At first glance, it looks like an ordinary Steinway piano — if you can use the word ordinary to describe a hand-crafted instrument, with some 12,000 individual parts, produced by a company with 160 years of heritage behind it.
Oh, and a starting price tag of $225,000.
But the Steinway Spirio has a surprising — possibly spooky — feature which could shock those who have previously seen pianos where the keys move by themselves and the music booms only at the movies.
It's the world's first self-playing piano and now it's launching in New Zealand. The Spirio
comes loaded with pre-recorded performances, played by some of the world's finest musicians.
Keys move with the music and the sound is so rich it's impossible to differentiate the system from the pianist's original playing and is guaranteed to raise the pulse rates and send a shiver down the spine of piano music fans everywhere.
Piano specialist John Eady, from Auckland music store Lewis Eady, says it works by using an iPad app (an iPad is included in the price) which is programmed with classical, jazz and popular music recordings.
Select which track you want — and there are performances from more than 1700 Steinway artists — sit back and enjoy. Eady says the blending of art and technology is the most significant development in 70 years and, despite the price tag, there is good interest in the Spirio.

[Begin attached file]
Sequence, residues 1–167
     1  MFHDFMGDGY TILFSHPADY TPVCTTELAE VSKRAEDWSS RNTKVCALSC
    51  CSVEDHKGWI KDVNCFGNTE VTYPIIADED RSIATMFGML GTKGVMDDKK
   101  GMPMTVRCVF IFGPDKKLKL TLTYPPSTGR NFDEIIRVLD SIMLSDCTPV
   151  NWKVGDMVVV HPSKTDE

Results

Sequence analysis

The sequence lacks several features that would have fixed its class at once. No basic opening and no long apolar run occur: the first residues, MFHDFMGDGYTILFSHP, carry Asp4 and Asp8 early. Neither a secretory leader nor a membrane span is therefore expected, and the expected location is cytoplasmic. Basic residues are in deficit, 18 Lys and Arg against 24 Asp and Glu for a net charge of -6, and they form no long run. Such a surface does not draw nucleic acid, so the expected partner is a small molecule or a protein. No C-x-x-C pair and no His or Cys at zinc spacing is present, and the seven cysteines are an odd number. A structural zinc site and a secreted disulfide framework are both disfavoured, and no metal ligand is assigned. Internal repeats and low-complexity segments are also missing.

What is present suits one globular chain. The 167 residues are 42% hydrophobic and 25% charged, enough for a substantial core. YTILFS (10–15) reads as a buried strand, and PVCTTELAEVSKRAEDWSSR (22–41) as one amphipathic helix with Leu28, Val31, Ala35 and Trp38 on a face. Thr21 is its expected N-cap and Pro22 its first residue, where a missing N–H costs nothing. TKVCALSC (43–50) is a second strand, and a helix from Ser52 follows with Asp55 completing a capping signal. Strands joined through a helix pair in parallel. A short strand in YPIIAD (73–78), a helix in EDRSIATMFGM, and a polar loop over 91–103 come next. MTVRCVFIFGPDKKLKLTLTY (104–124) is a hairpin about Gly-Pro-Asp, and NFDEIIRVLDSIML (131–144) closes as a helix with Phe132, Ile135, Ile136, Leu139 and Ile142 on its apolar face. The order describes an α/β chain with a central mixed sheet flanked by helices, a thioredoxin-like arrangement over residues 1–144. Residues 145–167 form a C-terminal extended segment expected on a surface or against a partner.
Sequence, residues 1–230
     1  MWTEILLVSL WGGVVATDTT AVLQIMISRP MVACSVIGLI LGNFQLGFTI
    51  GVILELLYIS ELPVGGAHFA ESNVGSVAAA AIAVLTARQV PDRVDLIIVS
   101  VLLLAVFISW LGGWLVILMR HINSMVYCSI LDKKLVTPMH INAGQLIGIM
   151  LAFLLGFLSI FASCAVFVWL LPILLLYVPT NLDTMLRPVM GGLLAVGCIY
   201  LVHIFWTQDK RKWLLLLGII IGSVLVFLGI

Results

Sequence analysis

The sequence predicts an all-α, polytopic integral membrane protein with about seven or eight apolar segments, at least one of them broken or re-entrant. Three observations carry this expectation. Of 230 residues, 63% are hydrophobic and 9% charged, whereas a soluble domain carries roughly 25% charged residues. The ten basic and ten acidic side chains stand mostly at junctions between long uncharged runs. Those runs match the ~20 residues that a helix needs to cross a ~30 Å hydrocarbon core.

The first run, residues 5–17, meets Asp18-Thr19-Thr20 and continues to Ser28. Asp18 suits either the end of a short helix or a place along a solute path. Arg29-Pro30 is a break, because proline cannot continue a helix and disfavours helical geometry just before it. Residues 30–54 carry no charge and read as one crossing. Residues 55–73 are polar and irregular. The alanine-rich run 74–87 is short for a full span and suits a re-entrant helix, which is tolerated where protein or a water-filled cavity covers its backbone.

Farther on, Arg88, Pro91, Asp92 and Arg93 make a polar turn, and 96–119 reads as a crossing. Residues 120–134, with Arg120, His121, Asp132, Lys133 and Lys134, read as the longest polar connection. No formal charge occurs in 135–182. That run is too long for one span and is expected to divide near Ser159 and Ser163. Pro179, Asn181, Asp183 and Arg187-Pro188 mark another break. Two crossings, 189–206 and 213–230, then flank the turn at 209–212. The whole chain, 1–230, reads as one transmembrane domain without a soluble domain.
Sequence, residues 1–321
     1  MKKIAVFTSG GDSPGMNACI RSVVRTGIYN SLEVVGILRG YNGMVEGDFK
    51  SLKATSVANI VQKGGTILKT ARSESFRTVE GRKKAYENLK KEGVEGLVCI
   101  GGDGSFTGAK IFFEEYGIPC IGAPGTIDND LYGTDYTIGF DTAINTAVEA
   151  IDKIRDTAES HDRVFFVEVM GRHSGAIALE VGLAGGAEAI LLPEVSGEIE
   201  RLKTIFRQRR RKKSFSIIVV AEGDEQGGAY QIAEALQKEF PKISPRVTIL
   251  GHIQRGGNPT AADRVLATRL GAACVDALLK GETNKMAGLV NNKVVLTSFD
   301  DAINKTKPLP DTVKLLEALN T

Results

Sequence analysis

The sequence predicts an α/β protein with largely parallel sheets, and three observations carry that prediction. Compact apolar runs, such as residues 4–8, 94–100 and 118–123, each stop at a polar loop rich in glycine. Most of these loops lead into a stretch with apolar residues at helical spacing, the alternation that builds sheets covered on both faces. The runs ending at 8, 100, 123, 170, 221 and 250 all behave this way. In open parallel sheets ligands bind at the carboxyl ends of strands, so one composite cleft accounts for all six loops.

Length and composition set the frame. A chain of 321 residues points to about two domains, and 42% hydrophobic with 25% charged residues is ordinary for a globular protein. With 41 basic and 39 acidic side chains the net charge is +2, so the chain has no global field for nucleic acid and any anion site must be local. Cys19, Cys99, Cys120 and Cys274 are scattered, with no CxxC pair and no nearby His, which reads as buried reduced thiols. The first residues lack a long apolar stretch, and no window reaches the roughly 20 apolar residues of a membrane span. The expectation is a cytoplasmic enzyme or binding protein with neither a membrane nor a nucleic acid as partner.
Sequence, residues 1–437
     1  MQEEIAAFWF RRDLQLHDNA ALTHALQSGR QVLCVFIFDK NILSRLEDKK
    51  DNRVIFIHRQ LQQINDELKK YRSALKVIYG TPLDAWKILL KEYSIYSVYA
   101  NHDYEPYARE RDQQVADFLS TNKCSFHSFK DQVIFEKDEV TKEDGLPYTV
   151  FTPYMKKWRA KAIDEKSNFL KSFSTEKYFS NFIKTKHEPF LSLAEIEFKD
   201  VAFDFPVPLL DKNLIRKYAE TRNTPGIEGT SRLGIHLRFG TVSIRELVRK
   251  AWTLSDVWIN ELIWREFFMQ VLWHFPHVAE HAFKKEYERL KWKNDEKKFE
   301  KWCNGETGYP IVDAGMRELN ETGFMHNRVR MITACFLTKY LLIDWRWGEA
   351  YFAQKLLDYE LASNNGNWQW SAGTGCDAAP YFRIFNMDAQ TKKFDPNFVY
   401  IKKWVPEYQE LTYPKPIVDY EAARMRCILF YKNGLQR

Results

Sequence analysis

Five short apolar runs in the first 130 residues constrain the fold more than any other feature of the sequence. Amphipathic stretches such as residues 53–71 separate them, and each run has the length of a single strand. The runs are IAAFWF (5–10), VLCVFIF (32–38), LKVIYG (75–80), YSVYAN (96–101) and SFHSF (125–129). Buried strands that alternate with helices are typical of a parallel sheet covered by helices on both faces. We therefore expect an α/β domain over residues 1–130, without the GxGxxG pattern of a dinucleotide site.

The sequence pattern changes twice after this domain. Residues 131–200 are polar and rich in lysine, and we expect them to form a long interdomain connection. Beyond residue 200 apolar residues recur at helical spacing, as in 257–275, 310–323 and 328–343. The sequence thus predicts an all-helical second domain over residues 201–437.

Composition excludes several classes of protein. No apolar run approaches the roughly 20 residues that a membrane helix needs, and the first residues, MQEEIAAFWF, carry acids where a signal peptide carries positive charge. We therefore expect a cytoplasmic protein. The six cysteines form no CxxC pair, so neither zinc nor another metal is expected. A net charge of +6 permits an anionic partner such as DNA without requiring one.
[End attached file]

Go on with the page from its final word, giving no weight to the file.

He's already sold three — a smaller model is $225,000; the larger $275,000 — including two to a rich-lister who wishes to remain anonymous. He bought one for his Auckland home and another for a property in Hawke's Bay.
Eady says no matter what audio system you have at home, you'll never be able to get the same sound quality using speakers and acoustics as you get from the piano itself.
"You could spend more on a sound system than one of these pianos and still not get the same quality."
Best of all, when you want to tickle the ivories, it becomes a "regular" Steinway.
"It's actually creating more work for pianists," says Eady, "because some are buying a Spirio, listening to a performance and then deciding to invite the pianist to play for them and their friends."
Multi award-winning New Zealand pianist Jason Bae, based in South Korea, is one of those who have recorded performances for the Spirio system including Rachmaninov's Moment Musicaux No.4 Op.16 at the Steinway Piano Gallery in New York.
Bae admits when he first heard about it, he was sceptical but has become a devotee.
He now describes it as a joy to play, saying no machine-manufactured instrument produces the same sound as one that's handmade.
He's looking forward to the next innovation - a piano where the pianist can record themselves and play it back.
A pianist from a young age, Bae was the youngest concerto soloist when, aged 13, he performed with Auckland Philharmonia Orchestra for the SkyCity Starlight Symphony Concert in the Park; at 20, he became the first NZ Young Steinway Artist and a fully-fledged Steinway Artist in 2016.
He's returned home to play — and not play — at the Steinway Spirio launch in Auckland before a New Zealand tour which will take him to Wellington, Christchurch, Cromwell and The Hills in Queenstown.
No, the Spirio isn't going with him but he'll perform on other Steinway pianos before returning to Auckland later this month for a performance at Lewis Eady Music.